Faith schools like to have their loaves and fishes, and eat them too.
When accused of fostering religious apartheid they stress that they are open to pupils of all faiths. When asked what benefits religion brings to a school, they talk about clear and strong values. But if the values a school imparts are distinctive to one religion, how can teaching them be inclusive of others? And if those values are shared by people of other faiths or none, why the need for a distinctly religious ethos in the first place?
We can see this unsustainable tension in schools such as Immingham, a Lincolnshire secondary being turned around by Stephen Carey, who is looking to turn the school into an academy with the help of the Oasis Trust, a Christian charity.
As The TES recently reported ("Christians hope to be saviours", May 27), a key selling point is, as Mr Carey says, to "encourage Christian values such as patience and respect". But at the same time, the school will also "be open to children of all faiths and none".
Imagine, however, being a child of another faith or none at a school where the difference between right and wrong is explained using religious beliefs to which you don't subscribe. "Respect" is a Christian virtue, you are told. But you are not a Christian. Does that mean you are incapable of appreciating respect as a value? Or that you needn't respect others?
And if you are a Christian, how does that make you view others, who lack what you are taught is necessary to be truly moral? And how credible is the claim that values must be rooted in the Bible when most people come from homes where no adult reads it, goes to church or prays? Isn't that offering a vision of ethics which is not going to stand up in the real world beyond the school gates?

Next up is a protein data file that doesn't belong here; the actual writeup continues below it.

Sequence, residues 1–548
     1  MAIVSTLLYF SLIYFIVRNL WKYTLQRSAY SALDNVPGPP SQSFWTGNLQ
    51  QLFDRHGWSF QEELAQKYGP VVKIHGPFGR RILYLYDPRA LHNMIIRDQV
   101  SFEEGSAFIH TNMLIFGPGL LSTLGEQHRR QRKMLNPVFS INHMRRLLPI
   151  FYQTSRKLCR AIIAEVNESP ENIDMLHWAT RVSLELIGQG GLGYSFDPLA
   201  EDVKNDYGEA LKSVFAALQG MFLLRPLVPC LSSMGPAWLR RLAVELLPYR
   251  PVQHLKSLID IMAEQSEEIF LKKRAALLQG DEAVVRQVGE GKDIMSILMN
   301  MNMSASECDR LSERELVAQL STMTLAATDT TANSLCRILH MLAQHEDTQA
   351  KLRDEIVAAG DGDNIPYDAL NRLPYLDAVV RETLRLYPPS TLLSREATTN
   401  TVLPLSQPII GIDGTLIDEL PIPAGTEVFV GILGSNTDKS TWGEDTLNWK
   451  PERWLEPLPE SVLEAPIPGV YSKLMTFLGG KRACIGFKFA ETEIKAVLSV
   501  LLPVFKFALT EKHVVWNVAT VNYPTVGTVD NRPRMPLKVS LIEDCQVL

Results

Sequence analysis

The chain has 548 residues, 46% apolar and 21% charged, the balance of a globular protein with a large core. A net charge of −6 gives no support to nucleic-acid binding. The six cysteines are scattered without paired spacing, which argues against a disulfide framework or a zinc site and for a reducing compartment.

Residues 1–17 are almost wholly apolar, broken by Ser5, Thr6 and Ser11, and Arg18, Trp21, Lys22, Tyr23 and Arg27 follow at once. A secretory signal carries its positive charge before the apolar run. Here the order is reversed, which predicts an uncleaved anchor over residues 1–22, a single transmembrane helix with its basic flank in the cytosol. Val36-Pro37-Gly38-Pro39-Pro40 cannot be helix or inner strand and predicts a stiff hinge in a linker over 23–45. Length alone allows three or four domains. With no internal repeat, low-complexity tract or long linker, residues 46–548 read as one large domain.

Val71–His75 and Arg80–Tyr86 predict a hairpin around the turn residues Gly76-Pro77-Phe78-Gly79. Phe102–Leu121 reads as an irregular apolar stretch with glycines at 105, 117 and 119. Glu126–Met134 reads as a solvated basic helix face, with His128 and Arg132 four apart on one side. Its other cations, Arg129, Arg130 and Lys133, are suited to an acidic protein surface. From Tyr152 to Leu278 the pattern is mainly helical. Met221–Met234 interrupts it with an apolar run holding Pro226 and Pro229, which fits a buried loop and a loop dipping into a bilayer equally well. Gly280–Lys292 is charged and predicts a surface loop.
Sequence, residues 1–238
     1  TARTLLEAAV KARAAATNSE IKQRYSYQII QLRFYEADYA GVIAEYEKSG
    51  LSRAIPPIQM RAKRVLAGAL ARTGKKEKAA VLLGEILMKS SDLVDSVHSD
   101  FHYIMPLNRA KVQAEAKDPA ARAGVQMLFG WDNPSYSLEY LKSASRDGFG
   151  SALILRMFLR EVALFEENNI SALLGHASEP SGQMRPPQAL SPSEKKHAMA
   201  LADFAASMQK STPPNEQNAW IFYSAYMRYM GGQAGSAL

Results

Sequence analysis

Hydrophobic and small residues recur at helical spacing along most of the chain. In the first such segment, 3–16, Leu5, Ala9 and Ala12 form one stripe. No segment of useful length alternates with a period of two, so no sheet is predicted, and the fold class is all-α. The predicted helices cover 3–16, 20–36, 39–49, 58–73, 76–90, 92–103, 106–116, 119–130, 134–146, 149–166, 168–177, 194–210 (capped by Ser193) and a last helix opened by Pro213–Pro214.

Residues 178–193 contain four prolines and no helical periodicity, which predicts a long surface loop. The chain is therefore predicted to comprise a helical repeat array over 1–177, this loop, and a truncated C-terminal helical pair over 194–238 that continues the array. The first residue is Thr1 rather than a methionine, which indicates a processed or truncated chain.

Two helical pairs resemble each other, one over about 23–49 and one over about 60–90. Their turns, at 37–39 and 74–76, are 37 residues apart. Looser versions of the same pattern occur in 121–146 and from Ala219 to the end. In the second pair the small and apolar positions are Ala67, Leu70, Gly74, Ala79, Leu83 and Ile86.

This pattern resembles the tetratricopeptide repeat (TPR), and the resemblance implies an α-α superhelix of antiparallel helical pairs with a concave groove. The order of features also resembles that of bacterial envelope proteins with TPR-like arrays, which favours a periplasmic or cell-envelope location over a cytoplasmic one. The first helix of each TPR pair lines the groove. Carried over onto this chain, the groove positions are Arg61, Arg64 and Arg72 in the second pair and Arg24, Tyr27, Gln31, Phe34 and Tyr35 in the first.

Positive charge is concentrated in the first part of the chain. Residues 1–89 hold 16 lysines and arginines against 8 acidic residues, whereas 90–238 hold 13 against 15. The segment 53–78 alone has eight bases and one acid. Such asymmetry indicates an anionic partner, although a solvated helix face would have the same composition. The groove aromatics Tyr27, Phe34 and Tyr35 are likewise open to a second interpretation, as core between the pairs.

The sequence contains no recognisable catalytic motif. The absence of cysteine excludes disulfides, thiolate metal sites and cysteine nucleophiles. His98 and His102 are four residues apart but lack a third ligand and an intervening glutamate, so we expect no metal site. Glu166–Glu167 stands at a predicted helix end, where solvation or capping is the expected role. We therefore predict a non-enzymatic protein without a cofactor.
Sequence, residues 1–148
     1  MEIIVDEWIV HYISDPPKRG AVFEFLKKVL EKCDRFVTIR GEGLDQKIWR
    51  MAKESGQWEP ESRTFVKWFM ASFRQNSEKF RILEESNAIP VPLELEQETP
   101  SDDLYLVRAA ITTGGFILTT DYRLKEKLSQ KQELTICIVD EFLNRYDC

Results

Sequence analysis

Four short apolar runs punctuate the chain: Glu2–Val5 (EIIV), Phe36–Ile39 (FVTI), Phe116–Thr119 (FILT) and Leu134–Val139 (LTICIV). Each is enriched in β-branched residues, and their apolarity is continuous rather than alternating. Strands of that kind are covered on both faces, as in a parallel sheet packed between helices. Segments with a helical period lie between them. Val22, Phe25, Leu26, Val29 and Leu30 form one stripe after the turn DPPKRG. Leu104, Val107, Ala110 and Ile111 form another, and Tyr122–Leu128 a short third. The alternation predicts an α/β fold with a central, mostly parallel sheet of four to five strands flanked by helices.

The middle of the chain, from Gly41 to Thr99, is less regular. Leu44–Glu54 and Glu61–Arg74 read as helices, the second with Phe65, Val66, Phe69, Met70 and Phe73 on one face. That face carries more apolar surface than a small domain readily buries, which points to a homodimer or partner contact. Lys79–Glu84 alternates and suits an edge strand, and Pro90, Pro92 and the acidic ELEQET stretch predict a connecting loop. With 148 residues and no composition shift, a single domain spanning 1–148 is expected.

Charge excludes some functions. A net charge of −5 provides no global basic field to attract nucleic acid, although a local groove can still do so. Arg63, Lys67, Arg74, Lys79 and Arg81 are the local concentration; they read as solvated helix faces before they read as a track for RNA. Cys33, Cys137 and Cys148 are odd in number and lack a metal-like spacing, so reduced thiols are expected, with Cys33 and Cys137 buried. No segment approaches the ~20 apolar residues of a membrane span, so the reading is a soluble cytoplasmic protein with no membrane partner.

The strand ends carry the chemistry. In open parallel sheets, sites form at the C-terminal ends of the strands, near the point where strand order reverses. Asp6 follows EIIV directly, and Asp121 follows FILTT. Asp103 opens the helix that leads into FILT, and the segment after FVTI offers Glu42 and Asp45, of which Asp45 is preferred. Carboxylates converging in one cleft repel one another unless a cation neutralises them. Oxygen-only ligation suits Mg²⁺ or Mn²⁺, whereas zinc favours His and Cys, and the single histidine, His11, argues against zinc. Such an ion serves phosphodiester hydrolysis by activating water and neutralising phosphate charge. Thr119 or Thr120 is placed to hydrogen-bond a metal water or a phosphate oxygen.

Supporters of faith schools will reply that of course they are not saying that their religion has a monopoly on moral values and that is not what they teach. But if they seriously thought that, what they should teach is not that their values are distinctly religious at all, but that they are shared by good people of all faiths and none. And why are they so shared? Because they are secular values first, and religious values second.
By "secular" we do not mean "atheist". Secular values are those that do not require the support of specific religious dogmas. As a result, they are values all thinking, decent people can share.
All the important values are secular: respect for human rights, considering the social consequences of our actions and so on. The only purely religious values are those that concern scripturally-derived rules for prayers, fasting, diet, clothing, marriage and so on. No one, I think, believes state schools should tell pupils that these are core values they should hold. If any did, their claims to be inclusive would be utterly hollow.
By teaching only secular values, and their secular basis, schools can show students that there is a common morality we can share, even in a multi-faith world. It also shows children that ethics is not just for the religious. But by teaching religious values, schools can only help create the impression that values are what divide us, and that without strong religious belief, morality is impossible. In a country where few are religious, that is a dangerous message.
I accept that for people such as Mr Carey, values such as respect are intimately linked to their faith. And I also understand that religion provides much of their motivation for wanting to help children in difficult areas. But when it comes to teaching values, they must base their teachings not in what is distinctive to their faiths, but what is shared by all of decent society.
Julian Baggini (www.julianbaggini.com) is editor of The Philosophers'
Magazine and author of The Pig That Wants To Be Eaten and 99 other thought experiments (Granta).